What is a literature review? What purpose does it serve in research? What should you expect when writing one?
Simply defined, a literature review is critical analysis of the literature already published on a topic. Science graduate students often develop their research question as a result of the work being done in the lab with which they are associated. They must then be able to step back and describe how their specific question fits in the context of the field or discipline. This requires that the student spend time finding, reading, interpreting, and synthesizing the available information so that it is connected to their thesis.
This (very simplified and not factually accurate) example will help you understand how to bring together research into a cohesive narrative:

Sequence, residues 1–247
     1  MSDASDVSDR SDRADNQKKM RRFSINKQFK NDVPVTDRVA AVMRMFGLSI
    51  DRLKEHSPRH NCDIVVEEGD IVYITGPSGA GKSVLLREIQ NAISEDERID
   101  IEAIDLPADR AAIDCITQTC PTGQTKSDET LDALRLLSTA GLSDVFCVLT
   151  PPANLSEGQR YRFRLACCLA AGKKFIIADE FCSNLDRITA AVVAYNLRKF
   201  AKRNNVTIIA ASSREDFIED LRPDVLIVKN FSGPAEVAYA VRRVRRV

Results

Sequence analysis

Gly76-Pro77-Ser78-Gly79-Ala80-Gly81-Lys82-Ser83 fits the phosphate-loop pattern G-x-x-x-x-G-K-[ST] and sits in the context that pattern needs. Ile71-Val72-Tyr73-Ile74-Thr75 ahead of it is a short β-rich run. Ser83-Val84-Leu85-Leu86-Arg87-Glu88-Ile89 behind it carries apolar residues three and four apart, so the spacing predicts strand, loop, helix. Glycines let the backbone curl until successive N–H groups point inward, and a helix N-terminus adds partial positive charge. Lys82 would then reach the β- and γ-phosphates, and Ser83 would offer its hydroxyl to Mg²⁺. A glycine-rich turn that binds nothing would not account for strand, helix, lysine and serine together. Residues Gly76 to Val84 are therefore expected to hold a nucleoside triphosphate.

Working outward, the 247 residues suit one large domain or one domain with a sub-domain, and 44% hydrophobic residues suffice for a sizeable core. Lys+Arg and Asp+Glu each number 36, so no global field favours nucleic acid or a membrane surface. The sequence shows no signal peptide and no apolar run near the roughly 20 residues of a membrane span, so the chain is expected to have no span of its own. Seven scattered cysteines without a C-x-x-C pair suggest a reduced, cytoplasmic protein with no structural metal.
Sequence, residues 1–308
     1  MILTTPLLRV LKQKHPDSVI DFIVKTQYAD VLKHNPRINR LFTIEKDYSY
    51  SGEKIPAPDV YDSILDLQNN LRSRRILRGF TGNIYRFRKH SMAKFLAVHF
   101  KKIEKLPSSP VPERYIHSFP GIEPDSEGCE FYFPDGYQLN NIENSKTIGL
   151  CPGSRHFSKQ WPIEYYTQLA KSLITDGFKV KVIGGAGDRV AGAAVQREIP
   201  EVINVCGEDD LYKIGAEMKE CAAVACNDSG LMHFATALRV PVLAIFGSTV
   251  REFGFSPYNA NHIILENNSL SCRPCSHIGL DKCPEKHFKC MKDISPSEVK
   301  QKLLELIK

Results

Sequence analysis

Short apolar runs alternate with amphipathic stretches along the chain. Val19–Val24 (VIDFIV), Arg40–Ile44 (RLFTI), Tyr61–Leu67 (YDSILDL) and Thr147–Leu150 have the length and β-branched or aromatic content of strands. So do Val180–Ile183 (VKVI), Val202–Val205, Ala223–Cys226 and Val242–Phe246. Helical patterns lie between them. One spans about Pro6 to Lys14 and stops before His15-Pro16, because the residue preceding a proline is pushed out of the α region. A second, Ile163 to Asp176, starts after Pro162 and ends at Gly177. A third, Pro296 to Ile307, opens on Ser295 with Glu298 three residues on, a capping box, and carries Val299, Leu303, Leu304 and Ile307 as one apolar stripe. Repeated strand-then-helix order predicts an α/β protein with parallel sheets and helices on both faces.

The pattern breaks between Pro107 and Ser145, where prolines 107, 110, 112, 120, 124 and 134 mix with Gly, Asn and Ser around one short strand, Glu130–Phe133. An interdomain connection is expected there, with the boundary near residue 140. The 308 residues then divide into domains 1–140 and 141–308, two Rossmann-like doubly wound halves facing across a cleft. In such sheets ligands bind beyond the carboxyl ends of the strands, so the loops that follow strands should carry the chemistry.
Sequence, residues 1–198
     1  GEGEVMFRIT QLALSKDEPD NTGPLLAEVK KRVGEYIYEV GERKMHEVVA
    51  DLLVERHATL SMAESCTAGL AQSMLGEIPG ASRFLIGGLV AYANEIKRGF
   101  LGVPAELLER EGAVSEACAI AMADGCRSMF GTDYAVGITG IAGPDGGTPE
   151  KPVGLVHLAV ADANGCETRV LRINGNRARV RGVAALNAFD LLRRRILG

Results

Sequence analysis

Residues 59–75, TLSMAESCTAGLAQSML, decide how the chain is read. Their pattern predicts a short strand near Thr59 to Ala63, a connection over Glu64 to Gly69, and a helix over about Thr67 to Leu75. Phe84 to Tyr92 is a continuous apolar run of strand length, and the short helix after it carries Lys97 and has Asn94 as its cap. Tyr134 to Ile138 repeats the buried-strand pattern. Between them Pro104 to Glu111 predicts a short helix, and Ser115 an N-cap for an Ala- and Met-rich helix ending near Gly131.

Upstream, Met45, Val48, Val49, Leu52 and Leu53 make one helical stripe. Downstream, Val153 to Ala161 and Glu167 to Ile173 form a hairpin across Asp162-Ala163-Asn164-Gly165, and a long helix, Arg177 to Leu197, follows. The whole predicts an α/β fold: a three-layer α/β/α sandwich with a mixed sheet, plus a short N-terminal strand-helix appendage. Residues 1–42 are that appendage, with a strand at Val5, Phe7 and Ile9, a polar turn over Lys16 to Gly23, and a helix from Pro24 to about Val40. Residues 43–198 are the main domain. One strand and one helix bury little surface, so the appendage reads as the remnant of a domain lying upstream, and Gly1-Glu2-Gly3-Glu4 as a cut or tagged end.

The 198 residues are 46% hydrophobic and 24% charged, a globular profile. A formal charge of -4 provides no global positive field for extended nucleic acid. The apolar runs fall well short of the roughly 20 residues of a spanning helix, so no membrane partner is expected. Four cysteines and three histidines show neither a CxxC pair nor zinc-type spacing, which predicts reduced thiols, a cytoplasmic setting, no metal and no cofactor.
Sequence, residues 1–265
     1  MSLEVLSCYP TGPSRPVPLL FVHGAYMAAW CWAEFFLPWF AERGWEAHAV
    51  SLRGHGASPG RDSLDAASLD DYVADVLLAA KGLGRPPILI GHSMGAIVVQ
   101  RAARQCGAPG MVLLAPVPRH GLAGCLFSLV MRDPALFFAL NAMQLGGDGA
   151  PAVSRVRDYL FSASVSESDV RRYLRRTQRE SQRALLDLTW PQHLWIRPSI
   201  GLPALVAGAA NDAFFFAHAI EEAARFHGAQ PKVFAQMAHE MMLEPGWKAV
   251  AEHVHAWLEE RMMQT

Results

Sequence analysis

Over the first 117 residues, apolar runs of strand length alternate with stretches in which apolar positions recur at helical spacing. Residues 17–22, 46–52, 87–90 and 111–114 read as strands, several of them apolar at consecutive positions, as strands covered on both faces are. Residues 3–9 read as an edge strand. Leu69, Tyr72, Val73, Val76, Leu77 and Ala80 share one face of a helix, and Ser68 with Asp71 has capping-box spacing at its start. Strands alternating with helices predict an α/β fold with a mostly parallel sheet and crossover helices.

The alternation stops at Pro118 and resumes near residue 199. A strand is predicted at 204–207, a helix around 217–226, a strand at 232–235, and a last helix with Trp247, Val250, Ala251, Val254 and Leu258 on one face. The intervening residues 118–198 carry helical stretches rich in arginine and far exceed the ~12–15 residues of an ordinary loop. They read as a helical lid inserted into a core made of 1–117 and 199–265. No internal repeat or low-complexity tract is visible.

Many scholars have written about domestic cats. Cats were domesticated approximately 3000 years ago by Egyptian farmers (McMonigle, 1992). Unlike dogs, cats domesticated themselves - they hunted the rats and mice that lived in grain storage areas (Wetzel, 2008; Kern, 2010). Yet while scholars have investigated when and how cat domestication occurred, they have not investigated the why of domestication. This project explores why cats chose human companionship...
Want more information? Watch this quick video to get an overview!